FDA Approves New Immunotherapy Drug for Bladder Cancer

The U.S. Food and Drug Administration (FDA) gave accelerated approval to immunotherapy drug Tecentriq (atezolizumab) this week for advanced bladder cancer. It is the first new drug approval in 3 decades for the disease, which is expected to be diagnosed in about 77,000 people in the U.S. in 2016.

Tecentriq is part of a new class of immunotherapy drugs called checkpoint inhibitors. This drug, given as an infusion, targets the PD-L1 protein, which some cancer cells use to evade the immune system. By blocking PD-L1, it helps immune cells recognize and attack cancer cells.

In a clinical trial that led to the drug’s approval, tumors shrank in 14.8% of participants with locally advanced or metastatic bladder cancer who had already received chemotherapy. The effect lasted from more than 2.1 months to more than 13.8 months. Among patients with higher levels of the PD-L1 protein on their cancer cells, 26% had a positive response to the treatment. Common side effects included fatigue, nausea, loss of appetite, fever, constipation, and urinary tract infections, but rarer and more serious side effects are possible.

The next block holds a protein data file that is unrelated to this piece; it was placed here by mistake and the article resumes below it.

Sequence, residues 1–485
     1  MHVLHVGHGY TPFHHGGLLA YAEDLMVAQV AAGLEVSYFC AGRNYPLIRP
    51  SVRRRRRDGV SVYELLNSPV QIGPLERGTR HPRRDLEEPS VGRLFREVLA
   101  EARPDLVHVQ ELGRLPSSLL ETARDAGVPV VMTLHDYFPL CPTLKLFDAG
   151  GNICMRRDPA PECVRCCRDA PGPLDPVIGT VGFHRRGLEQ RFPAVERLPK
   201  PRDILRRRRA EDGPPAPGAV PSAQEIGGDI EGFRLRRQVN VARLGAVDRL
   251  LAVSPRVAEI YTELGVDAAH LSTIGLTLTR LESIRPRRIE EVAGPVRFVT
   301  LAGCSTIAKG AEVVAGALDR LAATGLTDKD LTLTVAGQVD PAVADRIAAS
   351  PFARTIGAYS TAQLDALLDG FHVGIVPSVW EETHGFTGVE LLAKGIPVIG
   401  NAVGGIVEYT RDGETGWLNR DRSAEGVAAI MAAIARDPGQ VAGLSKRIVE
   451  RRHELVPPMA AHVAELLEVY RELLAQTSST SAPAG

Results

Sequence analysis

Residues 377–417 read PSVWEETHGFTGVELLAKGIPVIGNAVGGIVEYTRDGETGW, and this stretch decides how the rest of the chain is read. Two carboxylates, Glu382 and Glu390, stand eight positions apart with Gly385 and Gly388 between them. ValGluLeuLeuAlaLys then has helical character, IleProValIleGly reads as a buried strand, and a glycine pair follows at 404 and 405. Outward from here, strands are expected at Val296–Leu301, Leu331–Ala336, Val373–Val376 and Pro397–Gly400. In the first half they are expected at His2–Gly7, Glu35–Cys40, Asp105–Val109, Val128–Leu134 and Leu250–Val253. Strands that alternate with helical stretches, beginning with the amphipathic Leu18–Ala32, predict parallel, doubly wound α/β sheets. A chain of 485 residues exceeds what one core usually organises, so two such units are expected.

The new approval is based on Tecentriq’s ability to shrink bladder tumors, but it is not yet clear if it can help people live longer.

Tecentriq is the second checkpoint inhibitor to be approved by the FDA this week. The drug Opdivo (nivolumab), already on the market for advanced melanoma, lung, and kidney cancers, was granted accelerated approval for some people with hard-to-treat classic Hodgkin lymphoma.

Tecentriq is the second form of immunotherapy approved for bladder cancer. The first was Bacillus Calmette-Guerin (BCG), a type of bacteria that is given directly into the bladder, which has been a mainstay treatment for early bladder cancer since the 1980s.

Tecentriq is marketed by Genentech.

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